Vance Joy singer James Keogh, who help will bring in the New Year at By­ron Bay’s Falls Fes­ti­val next week, is happy to ad­mit he gains much in­spi­ra­tion from his fam­ily when it comes to cre­at­ing catchy lyrics

The Gold Coast Bulletin - Play Magazine - - FRONT PAGE - CAMERON ADAMS


Back when Vance Joy was James Keogh and had yet to write Rip­tide, his mum used to help him sum up es­says in high school and uni, where he was do­ing a law de­gree.

Post Rip­tide and with that law de­gree jet­ti­soned, James Keogh is now Vance Joy but still get­ting as­sis­tance from his mum – the ti­tle of new sin­gle, Mess Is Mine, came from her after she looked at the lyrics her son had cob­bled to­gether.

“She just came out with, ‘You still make sense to me, your mess is mine’,” Keogh ex­plains. “She’d al­ways come up with a con­clu­sion line when I was writ­ing es­says but she hasn’t pro­duced the goods re­cently be­cause I’ve been away so much. But that was a re­ally good line.”

Fam­ily mem­bers have had other in­put into Keogh’s de­but al­bum, Dream Your Life Away. His Aunt Shari al­ways used the phrase “left-hand man” – it seeped by os­mo­sis into be­ing a key line in the cho­rus of Rip­tide. A phrase he read on his un­cle’s Face­book page also got re­cy­cled in new song My Kind Of Man.

“Mum and Dad pointed out Grant was quot­ing a Lynyrd Skynyrd song called Sim­ple Man. So I looked it up on YouTube and yep, there were all the lyrics. So I mas­saged it to a point where, legally, it’s not the same song lyri­cally. My fam­ily have been very help­ful – I have to stay friends on Face­book just for the po­ten­tial lyri­cal ideas.”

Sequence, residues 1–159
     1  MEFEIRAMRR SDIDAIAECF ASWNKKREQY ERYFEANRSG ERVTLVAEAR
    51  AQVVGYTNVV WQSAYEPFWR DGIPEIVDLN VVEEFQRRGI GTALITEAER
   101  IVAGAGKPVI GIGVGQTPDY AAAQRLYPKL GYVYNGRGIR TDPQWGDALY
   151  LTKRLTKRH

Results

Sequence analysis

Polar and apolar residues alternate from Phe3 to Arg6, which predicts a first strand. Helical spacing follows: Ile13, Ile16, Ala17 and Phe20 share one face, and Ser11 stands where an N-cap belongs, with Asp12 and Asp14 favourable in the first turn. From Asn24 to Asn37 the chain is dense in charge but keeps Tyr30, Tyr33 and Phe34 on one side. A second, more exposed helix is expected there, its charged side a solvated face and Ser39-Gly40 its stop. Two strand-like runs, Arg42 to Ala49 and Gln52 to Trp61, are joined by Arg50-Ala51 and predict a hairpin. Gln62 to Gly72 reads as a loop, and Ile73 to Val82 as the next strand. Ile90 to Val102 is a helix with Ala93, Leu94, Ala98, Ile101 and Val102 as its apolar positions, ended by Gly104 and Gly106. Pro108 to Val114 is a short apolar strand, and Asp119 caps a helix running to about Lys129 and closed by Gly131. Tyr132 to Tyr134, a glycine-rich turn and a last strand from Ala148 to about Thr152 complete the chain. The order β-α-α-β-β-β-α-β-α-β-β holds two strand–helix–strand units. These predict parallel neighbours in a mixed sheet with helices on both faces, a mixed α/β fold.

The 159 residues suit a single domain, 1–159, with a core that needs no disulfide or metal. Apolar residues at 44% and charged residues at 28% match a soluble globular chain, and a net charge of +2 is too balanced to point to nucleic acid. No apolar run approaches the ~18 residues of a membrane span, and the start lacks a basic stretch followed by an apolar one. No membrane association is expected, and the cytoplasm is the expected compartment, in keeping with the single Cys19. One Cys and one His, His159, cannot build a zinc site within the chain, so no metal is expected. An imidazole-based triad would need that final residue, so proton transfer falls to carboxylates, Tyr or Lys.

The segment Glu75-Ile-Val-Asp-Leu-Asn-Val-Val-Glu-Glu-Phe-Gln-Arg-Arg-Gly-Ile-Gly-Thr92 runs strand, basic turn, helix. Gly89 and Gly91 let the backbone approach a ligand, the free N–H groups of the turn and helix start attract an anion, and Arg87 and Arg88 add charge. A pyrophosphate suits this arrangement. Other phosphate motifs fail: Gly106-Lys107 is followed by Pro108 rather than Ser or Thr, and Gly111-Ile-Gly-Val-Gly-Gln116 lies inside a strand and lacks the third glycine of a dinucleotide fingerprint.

Keogh started mak­ing mu­sic in 2006 – he re­mem­bers jam­ming Ge­or­gia with high school mate Nick Murphy, who’d also find suc­cess with a fic­tional name, Chet Faker. Murphy helped out record­ing early ver­sions of the first Vance Joy songs Winds Of Change and From Afar.

“We’re good mates,” Keogh says. “When I saw him do so well, it helped me re­alise I could do it, too. You meet peo­ple who turn you on cre­atively.”

After that, there was a Bloc Party-in­spired band called Hyper­son­ique (Keogh in­sists their song Disco stands the test of time) as well as play­ing in the VFL for the Coburg Tigers (Rich­mond’s re­serve team), that law de­gree and a stint as a gar­dener.

“I used to love the 10am morn­ing teas,” he says. “And I know a lot of the botan­i­cal names of plants now.”

The first song Keogh wrote where he found his sound, Winds of Change, tellingly opens Dream Your Life Away. How­ever, it was a song he spent $7000 mak­ing, Rip­tide, that would change his life. He and his ukulele have now spent more than 20 months pro­mot­ing Rip­tide around the world, tak­ing him ev­ery­where from a pizza restau­rant in the Mel­bourne CBD to a gun shop in Spokane, Wash­ing­ton, as well as to Glas­ton­bury, Lol­la­palooza and Splen­dour In the Grass.

Fly­ing into the black after that ini­tial in­vest­ment, Rip­tide has now sold 1 mil­lion copies and is now cer­ti­fied triple plat­inum in Aus­tralia. It hit the Top 10 in the UK and is at No. 61 in the US this week, where it’s the most-played song on al­ter­na­tive ra­dio. It’s also been “synched” on TV ads.

“I feel very strongly back­ing my­self on that,” he says. “That’s how artists make money th­ese days. Of course, there’s peo­ple who’d want me to write 20 more Rip­tides, that’s the dream sce­nario com­mer­cially. But … that’s not who I am.”

Rip­tide’s stag­gered suc­cess meant Keogh had longer to work on his de­but al­bum.

“I never want to be that guy who says: ‘I don’t want to play Rip­tide any more’. I knew it was spe­cial but I don’t think it’s the pin­na­cle of my song­writ­ing. Ex­plod­ing with a mon­ster song is a big thing to follow up.” Vance Joy, Falls Fes­ti­val, North By­ron Park­lands, De­cem­ber 30 to Jan­uary 3.

Vance Joy plays Falls Fes­ti­val on Jan­uary 1.

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